An 18-year wait came to an end on Monday, April 20, when Health Ministry authorities presented guidelines for Colombian doctors to perform euthanasia. The Constitutional Court ordered them to set the protocols in a February decision, after declaring the practice legal all the way back in 1997.

Medical practitioners in the Andean country have routinely refused to support assisted suicide, fearing criminal charges. Even with the court judgment standing, there was simply no regulatory environment. . . the Health Promotion Agency (EPS) is tasked with finding an alternative doctor or health center if the patient’s usual provider refuses to help him die. [Full text]

Your morality, my mortality: conscientious objection and the standard of care

Ben A. Rich


Recently the scope of protections afforded those healthcare professionals and institutions that refuse to provide certain interventions on the grounds of conscience have expanded, in some instances insulating providers (institutional and individual) from any liability or sanction for harms that patients experience as a result. With the exponential increase in the penetration of Catholic-affiliated healthcare across the country, physicians and nurses who are not practicing Catholics are nevertheless required to execute documents pledging to conform their patient care to the Ethical and Religious Directives for Health Care Services as a condition of employment or medical staff privileges. In some instances, doing so may result in patient morbidity or mortality or violate professional standards for respecting advance directives or surrogate decisionmaking. This article challenges the ethical propriety of such institutional mandates and argues that legal protections for conscientious refusal must provide redress for patients who are harmed by care that falls below the prevailing clinical standards.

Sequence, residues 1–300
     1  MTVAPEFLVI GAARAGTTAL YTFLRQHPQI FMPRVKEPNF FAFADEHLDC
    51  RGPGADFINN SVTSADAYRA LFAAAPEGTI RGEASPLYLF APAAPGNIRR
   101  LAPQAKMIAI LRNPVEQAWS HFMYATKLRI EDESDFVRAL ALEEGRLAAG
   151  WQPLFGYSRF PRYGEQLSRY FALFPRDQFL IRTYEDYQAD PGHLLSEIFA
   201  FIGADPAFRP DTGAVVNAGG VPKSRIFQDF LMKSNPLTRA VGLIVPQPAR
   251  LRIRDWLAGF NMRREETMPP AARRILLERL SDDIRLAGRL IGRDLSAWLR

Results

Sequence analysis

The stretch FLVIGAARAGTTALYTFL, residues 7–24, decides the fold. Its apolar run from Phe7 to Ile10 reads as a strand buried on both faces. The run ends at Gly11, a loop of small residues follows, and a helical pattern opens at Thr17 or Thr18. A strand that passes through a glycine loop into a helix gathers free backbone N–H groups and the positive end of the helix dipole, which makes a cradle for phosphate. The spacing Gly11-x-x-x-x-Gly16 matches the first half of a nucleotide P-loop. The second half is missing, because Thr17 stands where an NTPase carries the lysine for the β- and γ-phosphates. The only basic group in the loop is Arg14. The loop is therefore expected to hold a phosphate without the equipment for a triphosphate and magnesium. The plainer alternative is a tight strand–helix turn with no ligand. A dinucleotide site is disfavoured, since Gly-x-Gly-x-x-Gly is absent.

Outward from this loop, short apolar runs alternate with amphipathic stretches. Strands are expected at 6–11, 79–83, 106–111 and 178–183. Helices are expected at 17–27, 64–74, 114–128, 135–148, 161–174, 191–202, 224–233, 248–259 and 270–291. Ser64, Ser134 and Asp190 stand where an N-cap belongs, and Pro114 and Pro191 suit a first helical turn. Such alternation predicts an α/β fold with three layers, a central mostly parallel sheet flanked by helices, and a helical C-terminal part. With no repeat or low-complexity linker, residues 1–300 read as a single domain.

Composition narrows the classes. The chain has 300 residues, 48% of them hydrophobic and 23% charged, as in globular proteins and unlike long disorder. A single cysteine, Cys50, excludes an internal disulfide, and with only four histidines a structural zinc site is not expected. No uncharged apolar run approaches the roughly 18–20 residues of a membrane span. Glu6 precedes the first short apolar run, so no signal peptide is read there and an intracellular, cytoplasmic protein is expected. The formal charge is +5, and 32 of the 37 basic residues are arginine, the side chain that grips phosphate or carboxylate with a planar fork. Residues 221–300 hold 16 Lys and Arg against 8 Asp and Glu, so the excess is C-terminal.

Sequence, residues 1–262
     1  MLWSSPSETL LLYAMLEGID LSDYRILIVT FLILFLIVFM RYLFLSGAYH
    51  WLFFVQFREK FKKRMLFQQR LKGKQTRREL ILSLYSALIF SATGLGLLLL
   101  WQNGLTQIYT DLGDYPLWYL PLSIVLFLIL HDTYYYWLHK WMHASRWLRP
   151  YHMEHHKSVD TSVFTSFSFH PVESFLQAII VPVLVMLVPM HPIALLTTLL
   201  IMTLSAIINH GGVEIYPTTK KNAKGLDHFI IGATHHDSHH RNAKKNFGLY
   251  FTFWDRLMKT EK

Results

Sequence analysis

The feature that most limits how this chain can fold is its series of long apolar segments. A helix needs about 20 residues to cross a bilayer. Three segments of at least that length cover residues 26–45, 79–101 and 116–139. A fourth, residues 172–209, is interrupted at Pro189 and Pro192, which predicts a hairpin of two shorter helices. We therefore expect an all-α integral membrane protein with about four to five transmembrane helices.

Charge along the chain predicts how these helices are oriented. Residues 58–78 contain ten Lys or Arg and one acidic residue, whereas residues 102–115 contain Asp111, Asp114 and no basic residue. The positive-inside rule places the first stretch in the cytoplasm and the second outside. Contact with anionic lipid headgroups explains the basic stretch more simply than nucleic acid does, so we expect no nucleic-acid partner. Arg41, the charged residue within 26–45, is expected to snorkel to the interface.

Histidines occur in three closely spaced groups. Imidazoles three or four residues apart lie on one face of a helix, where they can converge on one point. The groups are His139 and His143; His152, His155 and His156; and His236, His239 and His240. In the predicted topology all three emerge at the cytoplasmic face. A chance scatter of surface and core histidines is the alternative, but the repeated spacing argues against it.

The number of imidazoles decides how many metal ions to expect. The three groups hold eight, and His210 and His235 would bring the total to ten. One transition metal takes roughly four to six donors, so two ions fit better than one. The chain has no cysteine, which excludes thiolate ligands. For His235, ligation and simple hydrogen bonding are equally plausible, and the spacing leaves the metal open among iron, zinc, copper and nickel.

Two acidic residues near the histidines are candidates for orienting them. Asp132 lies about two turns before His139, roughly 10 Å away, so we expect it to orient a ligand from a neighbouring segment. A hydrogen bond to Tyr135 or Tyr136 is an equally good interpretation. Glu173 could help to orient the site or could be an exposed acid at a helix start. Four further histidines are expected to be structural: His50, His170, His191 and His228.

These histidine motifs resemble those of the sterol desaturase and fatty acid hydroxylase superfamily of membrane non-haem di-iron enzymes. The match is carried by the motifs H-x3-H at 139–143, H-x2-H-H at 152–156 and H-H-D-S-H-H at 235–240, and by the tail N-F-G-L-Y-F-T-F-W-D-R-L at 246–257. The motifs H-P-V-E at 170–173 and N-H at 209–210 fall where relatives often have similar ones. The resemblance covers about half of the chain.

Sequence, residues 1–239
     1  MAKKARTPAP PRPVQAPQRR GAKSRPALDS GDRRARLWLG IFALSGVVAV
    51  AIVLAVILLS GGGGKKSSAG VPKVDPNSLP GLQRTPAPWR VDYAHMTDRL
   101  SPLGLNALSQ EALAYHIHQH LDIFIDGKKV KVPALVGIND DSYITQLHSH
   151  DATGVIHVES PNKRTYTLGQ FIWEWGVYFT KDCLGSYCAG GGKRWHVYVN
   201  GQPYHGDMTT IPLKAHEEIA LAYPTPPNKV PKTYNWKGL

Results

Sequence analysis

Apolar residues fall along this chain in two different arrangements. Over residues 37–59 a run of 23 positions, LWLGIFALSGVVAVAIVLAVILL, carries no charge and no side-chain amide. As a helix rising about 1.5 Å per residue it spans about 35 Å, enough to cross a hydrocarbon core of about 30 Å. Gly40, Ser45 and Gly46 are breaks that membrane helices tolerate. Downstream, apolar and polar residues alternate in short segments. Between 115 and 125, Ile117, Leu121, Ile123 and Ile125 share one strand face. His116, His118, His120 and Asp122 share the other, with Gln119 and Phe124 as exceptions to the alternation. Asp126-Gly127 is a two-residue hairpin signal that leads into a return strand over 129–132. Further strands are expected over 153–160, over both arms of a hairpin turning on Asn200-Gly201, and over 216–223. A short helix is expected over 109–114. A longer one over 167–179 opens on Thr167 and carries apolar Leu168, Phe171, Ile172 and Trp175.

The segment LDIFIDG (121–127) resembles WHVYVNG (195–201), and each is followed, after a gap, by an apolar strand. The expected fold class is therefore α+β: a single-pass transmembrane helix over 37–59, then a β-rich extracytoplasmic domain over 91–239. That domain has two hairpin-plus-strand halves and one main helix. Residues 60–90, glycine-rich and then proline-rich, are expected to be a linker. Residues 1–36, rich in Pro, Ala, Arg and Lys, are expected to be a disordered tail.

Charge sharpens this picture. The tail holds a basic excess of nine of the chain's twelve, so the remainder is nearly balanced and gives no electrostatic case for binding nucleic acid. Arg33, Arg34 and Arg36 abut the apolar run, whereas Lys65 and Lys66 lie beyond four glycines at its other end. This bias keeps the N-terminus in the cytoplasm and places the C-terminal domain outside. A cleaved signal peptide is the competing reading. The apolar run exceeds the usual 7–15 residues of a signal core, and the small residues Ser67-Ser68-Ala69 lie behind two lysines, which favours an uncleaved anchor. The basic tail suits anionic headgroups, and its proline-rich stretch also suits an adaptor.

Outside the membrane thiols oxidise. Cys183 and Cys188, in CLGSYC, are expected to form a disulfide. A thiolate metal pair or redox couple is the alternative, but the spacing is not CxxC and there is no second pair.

RICH, B. (2015). Your Morality, My Mortality: Conscientious Objection and the Standard of Care. Cambridge Quarterly of Healthcare Ethics, 24(2), 214-230. doi:10.1017/S0963180114000528

Bill would make Catholic hospitals tell patients about options elsewhere

Chicago Tribune

Manya Brachear Pashman

Angela Valavanis, shown with her children Ariana, 5, left, and Dylan, 23 months, and husband Stel, learned minutes before Dylan’s delivery that her hospital would not be able to provide the tubal ligation she had requested months earlier in the event of a cesarean section because the procedure would violate Catholic teachings.

A measure before Illinois lawmakers would require Roman Catholic hospitals to tell patients they can go elsewhere for birth control, certain medical procedures and other health care choices that violate church teachings.

The proposal would amend the state’s Health Care Right of Conscience Act, which generally allows workers and institutions to deny services for religious and ethical reasons. And while it would apply to all hospitals in Illinois, it’s particularly relevant for Catholic hospitals, which handle more than 1 in 4 admissions statewide. . . [Full text]

Conscience and Community: Understanding the Freedom of Religion

Responding to Protections and Applications of the First Amendment Today

Georgetown University,
Berkley Center for Religion, Peace and World Affairs
Reproduced with permission

Richard Garnett*

“Religion,” said Justice William Douglas in his Wisconsin v. Yoder (1972) opinion, is “an individual experience.” The opinion was a partial dissent, and this statement is partially correct. But, it does not tell the entire story.  Many “religious experiences” are those of monks, mystics, and prophets – and of salesmen, coaches, teachers, and cops. But, many are also of peoples and tribes and congregations. As Justice Douglas’s colleague, Justice William Brennan, insisted in Corporation of the Presiding Bishop v. Amos (1987), “[f]or many individuals, religious activity derives meaning in large measure from participation in a larger religious community. Such a community represents an ongoing tradition of shared beliefs, an organic entity not reducible to a mere aggregation of individuals.” [Full Text]